Whether giving a gift to a coworker-turned-friend or participating in an office gift exchange, you’re probably left wondering what to buy. After all, holiday gift-giving in the workplace can feel like a minefield — especially for those new to the job.
First off, check company policies to determine if gifts between coworkers are even allowed. Some organizations frown upon or prohibit the practice, largely due to ethics considerations. They don’t want any employee to appear to be buying favor.
If such exchanges are okay, then the next step is to observe the unspoken etiquette of gift-giving in the workplace, and the following eight tips are often a good place to start:
1. Be inclusive
No one likes to be left out in the workplace. If there’s interest in a gift-exchange, invite the whole office to participate. But keep in mind that not everyone holds the same beliefs. Don’t obligate anyone to join in. Stress that participation is optional, not mandatory. The last thing you want to do is make someone uncomfortable, especially this time of year.
2. Make a list
Chances are, you’re not on a first-name basis with everyone. So don’t feel obligated to buy a gift for that guy in accounting — unless, of course, he’s in your department. But even then, it really depends on the relationship. If you plan on giving gifts, stick to only those people you interact with on a regular basis. Gift-giving is personal in nature, and you should have some sort of relationship with the gift’s recipient.
3. Set a cap
Before shopping for holiday gifts, do yourself a favor and set a spending cap. It’ll keep you from buying overly extravagant gifts for coworkers, and hopefully stave off the need to eat ramen for the next few months. Try to keep the cap reasonable. If you take advantage of the holiday sales, $10 per gift should be plenty.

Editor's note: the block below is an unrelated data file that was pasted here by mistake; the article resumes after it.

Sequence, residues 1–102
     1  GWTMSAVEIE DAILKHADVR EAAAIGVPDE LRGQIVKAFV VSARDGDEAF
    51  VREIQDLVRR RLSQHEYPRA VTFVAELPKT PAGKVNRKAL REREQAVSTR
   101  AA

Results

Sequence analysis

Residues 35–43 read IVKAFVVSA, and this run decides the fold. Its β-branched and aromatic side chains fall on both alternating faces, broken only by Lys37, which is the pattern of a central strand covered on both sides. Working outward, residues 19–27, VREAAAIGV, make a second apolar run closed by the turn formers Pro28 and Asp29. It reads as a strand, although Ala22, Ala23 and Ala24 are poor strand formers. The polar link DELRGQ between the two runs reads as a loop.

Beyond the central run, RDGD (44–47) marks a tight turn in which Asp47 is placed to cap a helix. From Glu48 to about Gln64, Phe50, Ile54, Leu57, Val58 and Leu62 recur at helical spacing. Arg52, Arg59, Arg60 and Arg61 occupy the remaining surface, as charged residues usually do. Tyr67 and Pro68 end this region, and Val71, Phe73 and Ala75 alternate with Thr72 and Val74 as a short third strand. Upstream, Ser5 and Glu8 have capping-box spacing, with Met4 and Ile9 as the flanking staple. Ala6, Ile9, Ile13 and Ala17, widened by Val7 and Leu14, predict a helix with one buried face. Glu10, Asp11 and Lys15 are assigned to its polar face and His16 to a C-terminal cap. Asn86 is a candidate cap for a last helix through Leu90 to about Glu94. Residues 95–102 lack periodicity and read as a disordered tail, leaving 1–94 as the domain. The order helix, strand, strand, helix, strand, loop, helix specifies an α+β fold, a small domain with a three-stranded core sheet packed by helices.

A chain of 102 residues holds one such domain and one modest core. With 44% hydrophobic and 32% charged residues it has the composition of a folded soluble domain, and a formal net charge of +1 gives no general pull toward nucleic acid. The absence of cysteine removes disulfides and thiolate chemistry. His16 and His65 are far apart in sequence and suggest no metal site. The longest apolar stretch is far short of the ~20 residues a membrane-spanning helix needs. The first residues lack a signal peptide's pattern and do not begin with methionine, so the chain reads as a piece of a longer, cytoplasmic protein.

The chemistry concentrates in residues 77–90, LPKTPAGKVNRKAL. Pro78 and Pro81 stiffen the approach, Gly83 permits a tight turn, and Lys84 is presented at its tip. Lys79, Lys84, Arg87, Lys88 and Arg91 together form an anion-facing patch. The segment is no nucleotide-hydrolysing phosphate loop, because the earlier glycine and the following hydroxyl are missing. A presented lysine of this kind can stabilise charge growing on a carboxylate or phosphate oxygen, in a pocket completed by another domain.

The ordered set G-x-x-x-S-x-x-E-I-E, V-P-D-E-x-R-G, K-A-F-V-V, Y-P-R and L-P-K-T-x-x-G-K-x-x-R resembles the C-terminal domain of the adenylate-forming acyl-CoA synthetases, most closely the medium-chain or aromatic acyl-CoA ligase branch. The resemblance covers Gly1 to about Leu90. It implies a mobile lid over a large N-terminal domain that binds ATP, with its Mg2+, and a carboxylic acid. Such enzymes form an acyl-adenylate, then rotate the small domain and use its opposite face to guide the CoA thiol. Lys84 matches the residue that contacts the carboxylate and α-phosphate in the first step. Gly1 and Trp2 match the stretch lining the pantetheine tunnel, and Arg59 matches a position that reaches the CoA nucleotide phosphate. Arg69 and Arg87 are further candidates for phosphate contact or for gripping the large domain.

4. Give thought
Be it a boss, coworker, or assistant, thoughtful gifts go a long way. Take the time to think about what a colleague might want or need. A booklover, for example, might appreciate a novelty clothespin clip light to light the page, while that IT guy you’ve got on speed dial may enjoy First Aid Sticky Notes. If you’re not sure what to buy, consider something everyone could use, like an ombre keyboard cover.
5. Use discretion
When handing out gifts, never make a production of it. You could end up alienating those coworkers not on your holiday-shopping list. Come in early to leave the gifts on colleagues’ desks. Or, arrange a time after work, at lunch, or even at breakfast to exchange your gifts for the holiday season.
6. Keep it professional
You may feel buddy-buddy with a few coworkers, but that doesn’t mean you should get too personal with gifts. A colleague could misinterpret your intent when gifts are more intimate in nature. Also, you should avoid giving any gifts that appear to suggest something about the recipient. If, for example, you were to give the gift of body wash, your coworker could start questioning his or her hygiene.
7. Forget the booze
A nice bottle of wine is a great host or hostess gift, but it’s not all that appropriate for the workplace. You never know who may be a recovering alcoholic or abstain from drinking for personal, medical, or religious reasons. What may seem like a generous gift could end up being offensive in this environment.
8. Nix the jokes
Sure, most of your colleagues probably have a decent sense of humor. But unless the gift-exchange is of the white elephant variety, keep the presents thoughtful, useful, or at least reflective of the individual. You never know how someone will react to a gag gift, even when given in jest. It could end up insulting or offending a colleague.
Sticking to what you know — not to mention, who you know — always makes gift-giving that much easier in the workplace. And while you should never feel obligated to purchase gifts for colleagues, it can be fun if your religious or cultural beliefs allow.
Deciding what to give employees is often the hardest part of the holidays — second only to how much you should spend. After all, you’re not just choosing gifts for a variety of different people, each with their own tastes and personalities, but for a variety of different relationships and positions in the company.
While giving gifts to your team isn’t mandatory, nor is it allowed in all organizations, you probably want to show them just how much you care. Here are some ideas on how to get gift-giving right this time of year:
1. Make some memories.